Councils set to break cap on tax increases

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Ministers are preparing to battle local councils across the country who plan inflation-busting increases in council tax of up to 23 per cent.

The Deputy Prime Minister, John Prescott, and Nick Raynsford, the local government minister, have warned councils that they face being capped if they raise council tax rates by more than 10 per cent.

A survey of nearly 50 local authorities by The Independent on Sunday has found that at least 10 councils propose double-figure increases - placing them in danger of government action.

Many more are considering rises of at least twice the rate of inflation, including Peter Mandelson's Hartlepool constituency, Leicester, Middlesbrough, Islington in north London, Southend-on-Sea, and North Somerset.

In several major towns and cities, the rises will mean council tax increases of £150 a year or more.

But ministers believe most of the offending authorities will be Liberal Democrat or Tory-controlled, and are putting Labour councils under pressure to squeeze spending and services to ensure rises are below 5 per cent.

After decades of Tory jibes that Labour councils are profligate, ministers believe they will be able to turn the tables on opposition parties.

Ten years ago, average charges for a band D property were £225 higher in Labour areas than in Tory authorities. That gap has now narrowed to £40, and current council tax rises may eliminate it outright.

Mr Raynsford, who sent warning letters to 31 councils about their council tax proposals, said: "A number of local authorities have talked about council tax increases in double figures, but in most cases they are coming right down.

"We have made it clear that we expect councils to reach low single figures. We will use our capping powers on councils that propose unreasonable increases."

Leicester, controlled by a joint Lib Dem-Tory administration, is planning increases of up to 14 per cent, taking the band D charge to over £1,100 a year. Labour-controlled Brighton will increase by up to 12 per cent, leading to a band D rate of roughly £1,200.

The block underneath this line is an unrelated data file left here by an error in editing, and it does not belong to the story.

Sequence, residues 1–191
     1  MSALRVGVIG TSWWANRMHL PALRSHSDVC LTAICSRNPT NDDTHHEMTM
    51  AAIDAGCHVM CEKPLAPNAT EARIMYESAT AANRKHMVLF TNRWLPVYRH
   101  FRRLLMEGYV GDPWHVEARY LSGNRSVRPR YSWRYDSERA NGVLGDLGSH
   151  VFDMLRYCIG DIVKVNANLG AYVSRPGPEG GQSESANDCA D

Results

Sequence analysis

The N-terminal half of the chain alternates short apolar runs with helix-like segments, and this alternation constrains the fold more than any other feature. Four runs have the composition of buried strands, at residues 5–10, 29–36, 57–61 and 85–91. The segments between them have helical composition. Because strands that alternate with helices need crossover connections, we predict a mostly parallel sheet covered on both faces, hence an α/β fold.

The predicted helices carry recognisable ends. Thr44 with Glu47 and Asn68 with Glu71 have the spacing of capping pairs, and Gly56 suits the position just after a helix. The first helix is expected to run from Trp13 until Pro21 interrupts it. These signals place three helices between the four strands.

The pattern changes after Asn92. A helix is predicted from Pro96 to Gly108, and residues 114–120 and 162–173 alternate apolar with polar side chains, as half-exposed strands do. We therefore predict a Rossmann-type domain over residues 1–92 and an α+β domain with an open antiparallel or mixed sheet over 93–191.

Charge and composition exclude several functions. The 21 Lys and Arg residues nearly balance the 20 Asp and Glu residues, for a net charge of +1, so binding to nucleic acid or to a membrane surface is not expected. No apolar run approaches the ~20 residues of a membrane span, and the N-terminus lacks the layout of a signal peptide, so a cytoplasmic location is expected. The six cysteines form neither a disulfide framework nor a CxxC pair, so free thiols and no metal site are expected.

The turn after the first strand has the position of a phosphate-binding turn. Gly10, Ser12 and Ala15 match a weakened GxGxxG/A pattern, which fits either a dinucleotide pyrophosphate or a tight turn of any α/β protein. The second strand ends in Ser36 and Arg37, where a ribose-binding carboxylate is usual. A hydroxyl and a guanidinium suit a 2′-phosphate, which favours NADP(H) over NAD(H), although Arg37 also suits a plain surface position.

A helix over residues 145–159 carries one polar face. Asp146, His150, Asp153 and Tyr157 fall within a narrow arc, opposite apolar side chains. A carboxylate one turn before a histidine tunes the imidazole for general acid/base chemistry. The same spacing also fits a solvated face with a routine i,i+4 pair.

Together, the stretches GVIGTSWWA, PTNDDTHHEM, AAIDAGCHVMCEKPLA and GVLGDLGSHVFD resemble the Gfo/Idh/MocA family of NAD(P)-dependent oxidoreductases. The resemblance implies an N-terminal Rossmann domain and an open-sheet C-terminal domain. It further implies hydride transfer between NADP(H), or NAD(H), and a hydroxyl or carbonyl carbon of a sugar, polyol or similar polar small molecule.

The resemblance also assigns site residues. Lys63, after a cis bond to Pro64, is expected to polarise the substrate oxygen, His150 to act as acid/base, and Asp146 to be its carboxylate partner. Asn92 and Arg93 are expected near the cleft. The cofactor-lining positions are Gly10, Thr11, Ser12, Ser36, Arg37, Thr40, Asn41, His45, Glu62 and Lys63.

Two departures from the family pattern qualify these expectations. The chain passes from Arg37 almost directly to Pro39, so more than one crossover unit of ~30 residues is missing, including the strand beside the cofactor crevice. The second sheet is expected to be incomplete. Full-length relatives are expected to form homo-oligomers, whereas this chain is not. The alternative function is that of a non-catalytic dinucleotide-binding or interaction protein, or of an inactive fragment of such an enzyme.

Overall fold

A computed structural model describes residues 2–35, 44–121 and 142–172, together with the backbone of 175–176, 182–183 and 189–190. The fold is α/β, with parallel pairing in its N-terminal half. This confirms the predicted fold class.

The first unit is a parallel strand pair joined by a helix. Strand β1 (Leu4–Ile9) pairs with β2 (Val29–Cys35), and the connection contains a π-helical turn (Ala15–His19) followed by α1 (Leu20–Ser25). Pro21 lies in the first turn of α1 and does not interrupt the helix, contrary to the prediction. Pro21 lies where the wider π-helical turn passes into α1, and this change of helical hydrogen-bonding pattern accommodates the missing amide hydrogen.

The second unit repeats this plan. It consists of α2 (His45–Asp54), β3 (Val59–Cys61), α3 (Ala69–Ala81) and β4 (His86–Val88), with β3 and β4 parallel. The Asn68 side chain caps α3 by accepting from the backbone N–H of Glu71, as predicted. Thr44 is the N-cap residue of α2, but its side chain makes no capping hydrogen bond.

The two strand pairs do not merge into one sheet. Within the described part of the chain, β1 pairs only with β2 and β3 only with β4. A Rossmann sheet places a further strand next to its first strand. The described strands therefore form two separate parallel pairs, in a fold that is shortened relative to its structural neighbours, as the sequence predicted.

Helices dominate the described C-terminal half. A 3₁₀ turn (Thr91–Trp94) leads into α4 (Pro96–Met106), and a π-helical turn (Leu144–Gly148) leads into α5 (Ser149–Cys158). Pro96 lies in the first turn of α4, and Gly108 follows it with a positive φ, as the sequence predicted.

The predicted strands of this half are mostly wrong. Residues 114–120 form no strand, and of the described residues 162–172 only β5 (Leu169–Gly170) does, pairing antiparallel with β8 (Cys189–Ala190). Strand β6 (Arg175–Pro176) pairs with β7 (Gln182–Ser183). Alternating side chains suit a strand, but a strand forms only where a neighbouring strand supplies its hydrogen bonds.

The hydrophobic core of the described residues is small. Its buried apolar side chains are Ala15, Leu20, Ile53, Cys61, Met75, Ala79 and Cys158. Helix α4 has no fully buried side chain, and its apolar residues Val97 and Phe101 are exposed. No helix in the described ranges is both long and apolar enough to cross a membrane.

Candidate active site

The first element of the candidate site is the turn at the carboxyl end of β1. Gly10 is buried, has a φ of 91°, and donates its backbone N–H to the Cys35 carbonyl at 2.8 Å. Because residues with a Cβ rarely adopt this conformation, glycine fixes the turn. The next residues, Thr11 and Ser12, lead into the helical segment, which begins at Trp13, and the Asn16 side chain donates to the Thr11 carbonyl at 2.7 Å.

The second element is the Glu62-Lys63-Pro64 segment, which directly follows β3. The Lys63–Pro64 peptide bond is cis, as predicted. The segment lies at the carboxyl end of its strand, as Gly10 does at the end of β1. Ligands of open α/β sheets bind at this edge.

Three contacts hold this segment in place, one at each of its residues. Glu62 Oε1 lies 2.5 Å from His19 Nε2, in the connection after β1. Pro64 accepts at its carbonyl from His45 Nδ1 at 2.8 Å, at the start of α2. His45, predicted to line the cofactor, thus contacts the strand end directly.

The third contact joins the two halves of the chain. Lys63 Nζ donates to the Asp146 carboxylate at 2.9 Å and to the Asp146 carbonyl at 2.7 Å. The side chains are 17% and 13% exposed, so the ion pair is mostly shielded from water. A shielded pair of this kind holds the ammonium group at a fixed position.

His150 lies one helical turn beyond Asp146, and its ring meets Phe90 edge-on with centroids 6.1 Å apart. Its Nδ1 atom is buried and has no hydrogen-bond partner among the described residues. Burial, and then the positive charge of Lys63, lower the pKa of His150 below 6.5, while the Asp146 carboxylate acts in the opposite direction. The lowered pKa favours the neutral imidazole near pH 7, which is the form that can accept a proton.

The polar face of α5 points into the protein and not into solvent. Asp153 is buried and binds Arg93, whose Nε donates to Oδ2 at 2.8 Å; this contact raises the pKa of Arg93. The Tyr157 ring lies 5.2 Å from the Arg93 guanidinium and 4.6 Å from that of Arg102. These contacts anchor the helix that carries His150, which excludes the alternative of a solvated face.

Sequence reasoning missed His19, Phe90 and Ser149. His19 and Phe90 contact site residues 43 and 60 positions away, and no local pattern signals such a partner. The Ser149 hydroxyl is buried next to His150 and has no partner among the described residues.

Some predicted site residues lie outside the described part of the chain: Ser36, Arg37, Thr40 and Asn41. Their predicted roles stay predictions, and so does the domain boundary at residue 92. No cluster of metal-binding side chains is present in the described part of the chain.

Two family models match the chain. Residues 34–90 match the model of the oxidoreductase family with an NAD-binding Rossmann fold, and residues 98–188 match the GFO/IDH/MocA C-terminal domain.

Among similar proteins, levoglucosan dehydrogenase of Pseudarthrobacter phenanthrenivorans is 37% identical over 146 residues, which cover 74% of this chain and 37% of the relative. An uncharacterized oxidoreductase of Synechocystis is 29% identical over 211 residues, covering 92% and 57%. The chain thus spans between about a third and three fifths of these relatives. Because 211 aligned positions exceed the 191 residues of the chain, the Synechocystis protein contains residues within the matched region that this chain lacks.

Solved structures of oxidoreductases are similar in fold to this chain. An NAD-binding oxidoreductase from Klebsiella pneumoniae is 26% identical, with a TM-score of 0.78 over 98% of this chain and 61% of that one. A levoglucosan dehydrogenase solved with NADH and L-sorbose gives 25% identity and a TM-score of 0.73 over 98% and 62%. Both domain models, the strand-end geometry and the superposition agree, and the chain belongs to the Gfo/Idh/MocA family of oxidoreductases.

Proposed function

Some councils are spoiling for a fight with the Government, claiming they are being forced to put up local taxes to meet demands from ministers to spend fixed amounts on education and more on homelessness and social services.

Tory-controlled Medway council in Kent, which is planning a 15 per cent rise to £903 for band D, claims it has to raise local taxes because it has been ordered to meet higher spending demands.

But ministers will face difficulties in capping some very low-spending councils that plan high percentage increases, since the cost of the rise will remain modest.

Rates in Tory-run Rother in East Sussex could go up as much as 21 per cent, but that will still leave band D rates at just £139.

However, the battles over council tax rates will increase pressure on ministers for wholesale reforms of local government finance. Some experts have suggested introducing a new local income tax, which will reduce a council's reliance on grants from central government.

Sir Brian Briscoe, chief executive of the Local Government Association, said his organisation wanted councils to be given a fixed share of the income tax raised by the Inland Revenue to give councils much greater financial independence.

He said ministers should be keen to avoid a clash over council tax rises, and also insisted the vast majority of councils would rather not impose huge increases.

"I don't think ministers are keen for a fight over this," he said. "If Labour learned anything from the period of Margaret Thatcher's capping of authorities, they would know it's not a very clever idea. It makes the Government responsible for everything - council tax rises and the delivery of services."

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